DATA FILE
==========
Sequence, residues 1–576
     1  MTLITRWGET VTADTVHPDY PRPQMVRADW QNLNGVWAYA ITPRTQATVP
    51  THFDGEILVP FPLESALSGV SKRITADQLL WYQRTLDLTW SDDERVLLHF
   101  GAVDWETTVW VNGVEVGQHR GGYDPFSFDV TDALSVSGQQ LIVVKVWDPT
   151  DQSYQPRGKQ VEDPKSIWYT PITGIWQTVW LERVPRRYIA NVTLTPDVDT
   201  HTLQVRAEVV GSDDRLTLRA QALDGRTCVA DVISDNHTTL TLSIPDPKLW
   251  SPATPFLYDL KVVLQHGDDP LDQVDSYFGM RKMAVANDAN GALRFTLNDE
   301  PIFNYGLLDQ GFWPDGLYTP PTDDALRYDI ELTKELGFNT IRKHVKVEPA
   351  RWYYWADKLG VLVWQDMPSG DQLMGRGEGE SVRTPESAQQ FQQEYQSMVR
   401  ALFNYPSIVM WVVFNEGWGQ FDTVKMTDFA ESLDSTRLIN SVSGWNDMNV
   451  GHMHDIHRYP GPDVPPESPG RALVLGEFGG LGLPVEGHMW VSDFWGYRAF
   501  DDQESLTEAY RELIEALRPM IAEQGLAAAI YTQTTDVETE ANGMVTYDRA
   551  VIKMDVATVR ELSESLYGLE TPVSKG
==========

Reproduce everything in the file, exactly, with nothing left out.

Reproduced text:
Sequence, residues 1–576
     1  MTLITRWGET VTADTVHPDY PRPQMVRADW QNLNGVWAYA ITPRTQATVP
    51  THFDGEILVP FPLESALSGV SKRITADQLL WYQRTLDLTW SDDERVLLHF
   101  GAVDWETTVW VNGVEVGQHR GGYDPFSFDV TDALSVSGQQ LIVVKVWDPT
   151  DQSYQPRGKQ VEDPKSIWYT PITGIWQTVW LERVPRRYIA NVTLTPDVDT
   201  HTLQVRAEVV GSDDRLTLRA QALDGRTCVA DVISDNHTTL TLSIPDPKLW
   251  SPATPFLYDL KVVLQHGDDP LDQVDSYFGM RKMAVANDAN GALRFTLNDE
   301  PIFNYGLLDQ GFWPDGLYTP PTDDALRYDI ELTKELGFNT IRKHVKVEPA
   351  RWYYWADKLG VLVWQDMPSG DQLMGRGEGE SVRTPESAQQ FQQEYQSMVR
   401  ALFNYPSIVM WVVFNEGWGQ FDTVKMTDFA ESLDSTRLIN SVSGWNDMNV
   451  GHMHDIHRYP GPDVPPESPG RALVLGEFGG LGLPVEGHMW VSDFWGYRAF
   501  DDQESLTEAY RELIEALRPM IAEQGLAAAI YTQTTDVETE ANGMVTYDRA
   551  VIKMDVATVR ELSESLYGLE TPVSKG